Dated at Madison, Wisconsin this 20th day of July, 1992.

WISCONSIN EMPLOYMENT RELATIONS COMMISSION

By

Christopher Honeyman, Examiner


1. Any party may file a petition for review with the Commission by following the procedures set forth in Sec. 111.07(5), Stats.

Section 111.07(5), Stats.

(5) The commission may authorize a commissioner or examiner to make findings and orders. Any party in interest who is dissatisfied with the findings or order of a commissioner or examiner may file a written petition with the commission as a body to review the findings or order. If no petition is filed within 20 days from the date that a copy of the findings or order of the commissioner or examiner was mailed to the last known address of the parties in interest, such findings or order shall be considered the findings or order of the commission as a body unless set aside, reversed or modified by such commissioner or examiner within such time. If the findings or order are set aside by the commissioner or examiner the status shall be the same as prior to the findings or order set aside. If the findings or order are reversed or modified by the commissioner or examiner the time for filing petition with the commission shall run from the time that notice of such reversal or modification is mailed to the last known address of the parties in interest. Within 45 days after the filing of such petition with the commission, the commission shall either affirm, reverse, set aside or modify such findings or order, in whole or in part, or direct the taking of additional testimony. Such action shall be based on a review of the evidence submitted. If the commission is satisfied that a party in interest has been prejudiced because of exceptional delay in the receipt of a copy of any findings or order it may extend the time another 20 days for filing a petition with the commission.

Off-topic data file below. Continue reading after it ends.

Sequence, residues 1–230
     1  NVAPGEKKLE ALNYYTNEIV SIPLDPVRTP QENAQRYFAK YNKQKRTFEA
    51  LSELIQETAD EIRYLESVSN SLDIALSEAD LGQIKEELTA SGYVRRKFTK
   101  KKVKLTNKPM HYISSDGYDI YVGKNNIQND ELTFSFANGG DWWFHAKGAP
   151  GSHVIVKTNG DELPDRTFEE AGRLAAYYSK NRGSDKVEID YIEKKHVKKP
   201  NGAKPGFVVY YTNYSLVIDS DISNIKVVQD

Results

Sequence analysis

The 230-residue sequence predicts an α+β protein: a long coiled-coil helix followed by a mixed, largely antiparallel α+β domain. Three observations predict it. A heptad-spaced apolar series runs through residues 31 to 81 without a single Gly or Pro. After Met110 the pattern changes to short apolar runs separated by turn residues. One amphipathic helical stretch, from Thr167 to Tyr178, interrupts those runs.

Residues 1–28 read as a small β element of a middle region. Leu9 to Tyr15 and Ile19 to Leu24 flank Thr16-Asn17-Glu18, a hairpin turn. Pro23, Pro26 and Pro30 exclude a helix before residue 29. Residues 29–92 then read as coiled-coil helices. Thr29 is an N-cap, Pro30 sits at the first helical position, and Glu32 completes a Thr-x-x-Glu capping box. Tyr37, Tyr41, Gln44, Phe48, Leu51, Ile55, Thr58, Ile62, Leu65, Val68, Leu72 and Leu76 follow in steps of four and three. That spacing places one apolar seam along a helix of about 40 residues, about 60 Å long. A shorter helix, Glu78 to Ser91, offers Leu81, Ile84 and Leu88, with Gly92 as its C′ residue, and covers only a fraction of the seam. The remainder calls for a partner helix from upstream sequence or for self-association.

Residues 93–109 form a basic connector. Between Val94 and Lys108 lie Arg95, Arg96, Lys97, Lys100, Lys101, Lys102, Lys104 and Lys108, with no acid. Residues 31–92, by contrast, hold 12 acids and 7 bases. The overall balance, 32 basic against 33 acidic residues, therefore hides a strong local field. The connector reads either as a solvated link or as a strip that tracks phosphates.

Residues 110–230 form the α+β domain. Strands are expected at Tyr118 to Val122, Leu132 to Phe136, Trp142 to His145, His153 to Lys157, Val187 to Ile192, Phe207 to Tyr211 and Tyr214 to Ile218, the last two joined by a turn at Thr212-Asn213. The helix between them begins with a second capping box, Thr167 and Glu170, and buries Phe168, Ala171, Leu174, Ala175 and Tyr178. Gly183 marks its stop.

2. Citing United Steelworkers of America v. Warrior & Gulf Navigation Co., 363 U.S. 574, 582, 583 (1960).

3. Emphasis added.

4. A specific exception with respect to discrimination based on union activity is discussed below.